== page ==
Virtual Chat with Adolf Hitler: In this innovative "artificial intelligence" activity from Russel Tarr at ActiveHistory, users can type in questions which Hitler answers. If you are stuck for a question, you can ask the computer to suggest one from a variety of categories, and if Hitler does not respond correctly it is possible to submit the question to ActiveHistory so that his 'brain' can be updated. All people who contribute in this way are given full recognition on a separate 'credits' page. Lesson plans to make use of the resource in the classroom are also provided, and this is an original and engaging way of learning about Nazi Germany.
The Niztor Project: A website dedicated to the millions of Holocaust victims who suffered and died at the hands of Adolf Hitler and his Nazi regime. Subjects covered include the Holocaust Camps, Nazi Conspiracy and Aggression, The Nuremberg Trials, Techniques of Holocaust Denial, Trial of Adolf Eichmann and Holocaust Revisionism.
Third Reich Pages Online: This website provides a collection of articles on Adolf Hitler and Nazi Germany. This includes Adolf Hitler's Family Background, The Roots of Hatred, Adolf Hitler - The Man Behind the Myth, Rebellion in Bavaria 1921-23, Fuehrer and Warlord and The Final Solution. The site also contains a current news section and biographies of Reinhard Heydrich, Adolf Eichmann, Martin Bormann and Rudolf Hess.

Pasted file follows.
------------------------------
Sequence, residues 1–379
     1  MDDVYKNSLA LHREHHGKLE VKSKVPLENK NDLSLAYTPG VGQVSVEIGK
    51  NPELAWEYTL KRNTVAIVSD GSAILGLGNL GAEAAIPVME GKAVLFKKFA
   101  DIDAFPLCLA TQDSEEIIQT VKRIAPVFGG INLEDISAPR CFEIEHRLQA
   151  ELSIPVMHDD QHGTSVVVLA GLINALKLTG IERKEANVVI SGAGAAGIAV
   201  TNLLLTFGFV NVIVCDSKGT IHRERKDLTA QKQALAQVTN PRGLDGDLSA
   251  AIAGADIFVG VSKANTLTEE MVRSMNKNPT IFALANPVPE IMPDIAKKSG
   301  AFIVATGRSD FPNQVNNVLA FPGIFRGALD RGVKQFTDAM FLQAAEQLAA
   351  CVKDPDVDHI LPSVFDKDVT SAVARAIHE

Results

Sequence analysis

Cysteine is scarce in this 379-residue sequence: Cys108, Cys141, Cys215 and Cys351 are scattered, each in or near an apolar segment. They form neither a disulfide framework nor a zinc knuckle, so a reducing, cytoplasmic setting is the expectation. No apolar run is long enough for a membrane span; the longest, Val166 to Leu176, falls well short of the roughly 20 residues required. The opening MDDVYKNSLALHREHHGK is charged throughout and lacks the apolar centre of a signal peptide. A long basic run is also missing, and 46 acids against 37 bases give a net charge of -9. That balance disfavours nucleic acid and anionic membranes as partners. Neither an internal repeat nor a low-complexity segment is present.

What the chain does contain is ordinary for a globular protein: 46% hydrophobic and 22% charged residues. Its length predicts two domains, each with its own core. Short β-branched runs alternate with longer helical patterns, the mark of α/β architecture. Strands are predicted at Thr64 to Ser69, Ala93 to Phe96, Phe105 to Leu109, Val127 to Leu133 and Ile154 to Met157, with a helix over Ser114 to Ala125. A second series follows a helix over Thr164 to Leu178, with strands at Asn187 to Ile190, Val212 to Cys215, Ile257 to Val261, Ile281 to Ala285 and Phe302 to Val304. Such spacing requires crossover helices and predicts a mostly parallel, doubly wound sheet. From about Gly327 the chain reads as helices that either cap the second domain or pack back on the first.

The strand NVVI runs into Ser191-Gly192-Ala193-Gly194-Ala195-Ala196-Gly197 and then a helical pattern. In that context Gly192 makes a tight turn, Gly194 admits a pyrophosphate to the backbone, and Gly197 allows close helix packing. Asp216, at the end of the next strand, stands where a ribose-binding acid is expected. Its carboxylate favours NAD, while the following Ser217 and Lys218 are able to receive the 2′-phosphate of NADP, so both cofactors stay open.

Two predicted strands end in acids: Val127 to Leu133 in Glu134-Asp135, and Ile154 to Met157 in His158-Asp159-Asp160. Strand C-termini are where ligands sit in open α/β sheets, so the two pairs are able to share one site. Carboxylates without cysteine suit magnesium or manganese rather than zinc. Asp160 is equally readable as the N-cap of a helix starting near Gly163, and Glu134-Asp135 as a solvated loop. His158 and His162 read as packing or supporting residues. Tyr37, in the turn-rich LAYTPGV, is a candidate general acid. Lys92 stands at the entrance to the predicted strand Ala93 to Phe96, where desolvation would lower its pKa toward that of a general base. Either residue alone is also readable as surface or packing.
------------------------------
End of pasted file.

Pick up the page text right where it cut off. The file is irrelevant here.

Anne Frank Project. Anne Frank was an average girl who became a legend. Today her legacy consists of more than her famous diary. According to Simon Wiesenthal she is a saint. More then a saint she became a symbol for oppressed and persecuted victims of racism everywhere. Her life and death also became a warning for what can happen when hatred and bias take over. This European project is aimed at making students aware that racial bias sadly is not a historical phenomenon but, if we are not aware, can still happen today.